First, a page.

Then there are the signs White Americans are coming into different awareness about the depth of our national racial crisis and the moral urgency of injustice. A June Monmouth University poll showed 71% of Americans
now agree that “racism and discrimination are a ‘big problem,'” a surge of 26 percentage points since 2015. According to Pew
, 67% of Americans either strongly or somewhat support the Black Lives Matter movement.
But however much these indicators suggest that lasting change may be possible, that can only happen if there is also a serious, collective shift in how White Americans engage with the subject of reparations.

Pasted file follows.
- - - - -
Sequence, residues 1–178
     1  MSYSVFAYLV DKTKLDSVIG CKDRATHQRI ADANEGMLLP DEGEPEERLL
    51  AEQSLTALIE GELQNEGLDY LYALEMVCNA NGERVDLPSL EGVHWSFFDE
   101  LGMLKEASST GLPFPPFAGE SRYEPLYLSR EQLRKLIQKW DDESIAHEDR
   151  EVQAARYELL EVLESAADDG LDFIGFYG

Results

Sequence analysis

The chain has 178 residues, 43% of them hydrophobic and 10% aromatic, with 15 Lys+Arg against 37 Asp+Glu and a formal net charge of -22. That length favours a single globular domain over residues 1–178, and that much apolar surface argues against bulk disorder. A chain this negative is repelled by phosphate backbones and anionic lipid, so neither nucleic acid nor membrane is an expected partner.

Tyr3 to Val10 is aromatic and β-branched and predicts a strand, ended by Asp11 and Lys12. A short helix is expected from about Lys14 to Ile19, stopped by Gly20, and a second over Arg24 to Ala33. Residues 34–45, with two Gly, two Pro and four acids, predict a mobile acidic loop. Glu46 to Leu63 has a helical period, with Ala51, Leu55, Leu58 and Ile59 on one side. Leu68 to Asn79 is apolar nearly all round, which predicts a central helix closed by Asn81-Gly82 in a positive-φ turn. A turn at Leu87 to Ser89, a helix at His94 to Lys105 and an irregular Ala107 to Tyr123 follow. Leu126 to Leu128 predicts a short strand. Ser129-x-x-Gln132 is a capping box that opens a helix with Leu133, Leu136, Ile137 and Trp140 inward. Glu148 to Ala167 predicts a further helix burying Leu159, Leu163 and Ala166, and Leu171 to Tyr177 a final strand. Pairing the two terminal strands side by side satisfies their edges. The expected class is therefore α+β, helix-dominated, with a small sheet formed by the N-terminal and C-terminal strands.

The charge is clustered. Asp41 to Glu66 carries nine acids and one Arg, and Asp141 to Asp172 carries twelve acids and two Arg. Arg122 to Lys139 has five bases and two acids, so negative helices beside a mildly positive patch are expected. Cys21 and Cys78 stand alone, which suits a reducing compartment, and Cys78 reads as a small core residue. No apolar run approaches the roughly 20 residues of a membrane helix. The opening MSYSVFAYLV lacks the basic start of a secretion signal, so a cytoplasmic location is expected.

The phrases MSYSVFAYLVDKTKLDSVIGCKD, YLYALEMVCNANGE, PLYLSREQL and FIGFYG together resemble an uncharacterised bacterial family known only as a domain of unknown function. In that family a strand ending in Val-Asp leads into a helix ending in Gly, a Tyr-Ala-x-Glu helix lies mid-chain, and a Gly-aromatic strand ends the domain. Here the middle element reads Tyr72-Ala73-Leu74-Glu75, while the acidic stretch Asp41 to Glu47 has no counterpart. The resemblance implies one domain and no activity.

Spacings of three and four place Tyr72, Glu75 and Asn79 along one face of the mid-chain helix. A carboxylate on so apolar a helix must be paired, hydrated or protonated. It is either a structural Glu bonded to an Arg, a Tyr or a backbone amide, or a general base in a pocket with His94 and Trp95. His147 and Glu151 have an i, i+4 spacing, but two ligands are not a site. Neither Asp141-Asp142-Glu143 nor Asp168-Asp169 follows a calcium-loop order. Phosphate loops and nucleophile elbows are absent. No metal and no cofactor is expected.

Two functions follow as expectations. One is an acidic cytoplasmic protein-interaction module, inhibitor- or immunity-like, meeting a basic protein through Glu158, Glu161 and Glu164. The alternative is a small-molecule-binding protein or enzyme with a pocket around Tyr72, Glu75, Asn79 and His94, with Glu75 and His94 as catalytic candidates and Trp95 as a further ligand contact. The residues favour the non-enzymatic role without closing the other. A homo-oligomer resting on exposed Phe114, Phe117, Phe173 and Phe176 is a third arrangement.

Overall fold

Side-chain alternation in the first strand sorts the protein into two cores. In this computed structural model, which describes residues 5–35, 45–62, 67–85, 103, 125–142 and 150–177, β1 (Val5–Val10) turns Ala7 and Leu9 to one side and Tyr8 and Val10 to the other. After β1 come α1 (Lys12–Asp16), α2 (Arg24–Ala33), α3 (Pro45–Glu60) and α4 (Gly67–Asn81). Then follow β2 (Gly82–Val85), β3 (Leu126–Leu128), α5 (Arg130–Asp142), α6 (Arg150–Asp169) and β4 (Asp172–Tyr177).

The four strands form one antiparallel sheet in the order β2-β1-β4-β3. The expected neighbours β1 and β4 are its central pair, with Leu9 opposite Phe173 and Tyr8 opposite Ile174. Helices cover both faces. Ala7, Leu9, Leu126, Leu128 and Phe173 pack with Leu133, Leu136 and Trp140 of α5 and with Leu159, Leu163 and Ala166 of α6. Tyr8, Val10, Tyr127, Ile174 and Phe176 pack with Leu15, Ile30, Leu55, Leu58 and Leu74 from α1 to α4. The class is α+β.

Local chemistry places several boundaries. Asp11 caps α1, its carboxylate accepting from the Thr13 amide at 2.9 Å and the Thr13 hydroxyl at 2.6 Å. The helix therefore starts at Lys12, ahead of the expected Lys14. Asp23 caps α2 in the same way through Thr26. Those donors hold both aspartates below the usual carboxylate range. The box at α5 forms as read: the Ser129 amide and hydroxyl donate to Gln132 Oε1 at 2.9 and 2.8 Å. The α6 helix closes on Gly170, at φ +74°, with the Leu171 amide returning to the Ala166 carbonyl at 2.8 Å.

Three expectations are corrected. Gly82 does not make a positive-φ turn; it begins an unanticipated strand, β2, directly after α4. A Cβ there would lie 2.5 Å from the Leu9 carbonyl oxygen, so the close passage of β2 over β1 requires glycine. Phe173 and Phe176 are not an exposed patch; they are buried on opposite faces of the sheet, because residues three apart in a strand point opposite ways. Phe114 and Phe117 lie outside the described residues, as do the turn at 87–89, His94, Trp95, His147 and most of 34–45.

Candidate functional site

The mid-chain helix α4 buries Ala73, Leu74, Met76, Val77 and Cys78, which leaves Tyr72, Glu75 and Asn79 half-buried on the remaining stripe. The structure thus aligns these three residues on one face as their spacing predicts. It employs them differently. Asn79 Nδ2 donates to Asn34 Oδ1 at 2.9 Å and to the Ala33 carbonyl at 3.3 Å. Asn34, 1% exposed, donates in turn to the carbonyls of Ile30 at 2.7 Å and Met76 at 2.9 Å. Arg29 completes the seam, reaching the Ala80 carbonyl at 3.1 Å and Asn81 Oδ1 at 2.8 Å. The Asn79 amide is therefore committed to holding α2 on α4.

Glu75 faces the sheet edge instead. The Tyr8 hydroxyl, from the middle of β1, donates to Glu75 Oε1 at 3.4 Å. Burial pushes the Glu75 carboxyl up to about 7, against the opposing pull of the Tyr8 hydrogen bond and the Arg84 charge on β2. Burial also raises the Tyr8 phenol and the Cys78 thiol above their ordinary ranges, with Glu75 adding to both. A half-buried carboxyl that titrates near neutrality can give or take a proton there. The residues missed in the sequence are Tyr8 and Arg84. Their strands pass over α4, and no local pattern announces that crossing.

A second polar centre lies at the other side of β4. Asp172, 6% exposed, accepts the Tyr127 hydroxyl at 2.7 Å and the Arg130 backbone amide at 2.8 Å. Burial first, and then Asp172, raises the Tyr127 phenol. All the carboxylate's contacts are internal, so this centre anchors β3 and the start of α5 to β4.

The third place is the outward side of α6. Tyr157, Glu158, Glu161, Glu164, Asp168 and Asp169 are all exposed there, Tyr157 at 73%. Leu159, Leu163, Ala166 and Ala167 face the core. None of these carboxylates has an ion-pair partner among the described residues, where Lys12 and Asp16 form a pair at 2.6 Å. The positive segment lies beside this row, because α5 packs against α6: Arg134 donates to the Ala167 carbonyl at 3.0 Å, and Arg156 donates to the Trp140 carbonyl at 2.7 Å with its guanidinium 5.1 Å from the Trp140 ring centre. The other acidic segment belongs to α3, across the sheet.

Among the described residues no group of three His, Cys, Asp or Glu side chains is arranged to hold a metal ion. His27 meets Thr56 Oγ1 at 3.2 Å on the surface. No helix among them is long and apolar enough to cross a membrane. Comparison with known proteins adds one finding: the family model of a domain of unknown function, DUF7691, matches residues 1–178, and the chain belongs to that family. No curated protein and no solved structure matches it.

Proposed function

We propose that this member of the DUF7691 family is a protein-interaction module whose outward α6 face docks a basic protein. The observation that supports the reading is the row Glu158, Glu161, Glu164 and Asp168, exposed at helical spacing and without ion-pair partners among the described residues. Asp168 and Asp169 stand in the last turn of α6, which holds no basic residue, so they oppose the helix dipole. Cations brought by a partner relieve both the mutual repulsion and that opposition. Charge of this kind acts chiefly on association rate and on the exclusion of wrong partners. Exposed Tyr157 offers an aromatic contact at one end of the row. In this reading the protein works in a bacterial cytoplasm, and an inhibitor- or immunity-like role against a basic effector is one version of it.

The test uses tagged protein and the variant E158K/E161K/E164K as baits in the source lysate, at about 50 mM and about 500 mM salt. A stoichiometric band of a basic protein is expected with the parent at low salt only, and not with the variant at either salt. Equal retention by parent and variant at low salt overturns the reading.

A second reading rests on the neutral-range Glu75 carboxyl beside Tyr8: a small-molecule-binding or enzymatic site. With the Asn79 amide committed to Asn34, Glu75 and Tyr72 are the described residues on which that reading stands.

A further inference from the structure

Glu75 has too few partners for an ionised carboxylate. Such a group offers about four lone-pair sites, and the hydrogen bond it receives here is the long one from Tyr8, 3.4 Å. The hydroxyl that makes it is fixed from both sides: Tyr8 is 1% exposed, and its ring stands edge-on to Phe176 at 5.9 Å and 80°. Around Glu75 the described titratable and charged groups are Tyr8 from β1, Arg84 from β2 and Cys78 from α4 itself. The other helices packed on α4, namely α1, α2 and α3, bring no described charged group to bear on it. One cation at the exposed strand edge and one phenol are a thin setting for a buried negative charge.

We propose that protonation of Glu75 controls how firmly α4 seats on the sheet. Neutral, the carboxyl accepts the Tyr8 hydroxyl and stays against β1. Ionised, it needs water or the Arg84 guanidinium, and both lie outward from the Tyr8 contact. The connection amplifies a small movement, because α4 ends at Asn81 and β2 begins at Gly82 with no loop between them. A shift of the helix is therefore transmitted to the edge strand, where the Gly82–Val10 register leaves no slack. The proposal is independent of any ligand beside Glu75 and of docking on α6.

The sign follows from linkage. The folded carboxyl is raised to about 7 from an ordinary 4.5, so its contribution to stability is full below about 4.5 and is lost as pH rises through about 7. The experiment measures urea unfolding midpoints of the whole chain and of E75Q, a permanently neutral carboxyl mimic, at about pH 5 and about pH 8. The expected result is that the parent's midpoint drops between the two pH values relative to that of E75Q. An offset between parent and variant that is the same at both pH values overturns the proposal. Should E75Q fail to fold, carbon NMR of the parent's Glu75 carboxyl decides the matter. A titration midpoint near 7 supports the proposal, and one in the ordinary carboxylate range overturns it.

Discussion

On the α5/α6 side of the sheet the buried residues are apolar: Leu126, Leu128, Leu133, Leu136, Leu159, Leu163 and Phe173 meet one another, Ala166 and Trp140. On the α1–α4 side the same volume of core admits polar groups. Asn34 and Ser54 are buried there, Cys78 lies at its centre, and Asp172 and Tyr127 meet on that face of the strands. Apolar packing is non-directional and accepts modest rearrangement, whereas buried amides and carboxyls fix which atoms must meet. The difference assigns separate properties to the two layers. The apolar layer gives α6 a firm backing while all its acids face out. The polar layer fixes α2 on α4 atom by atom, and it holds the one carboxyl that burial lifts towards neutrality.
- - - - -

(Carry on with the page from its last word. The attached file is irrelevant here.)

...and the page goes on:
Virtually every existing racial disparity between White and Black communities in the United States can be meaningfully traced back to one of two original sins. Alongside the dispossession and genocide of Native communities, unredressed legacies of enslavement impact all the conditions of racial life in America.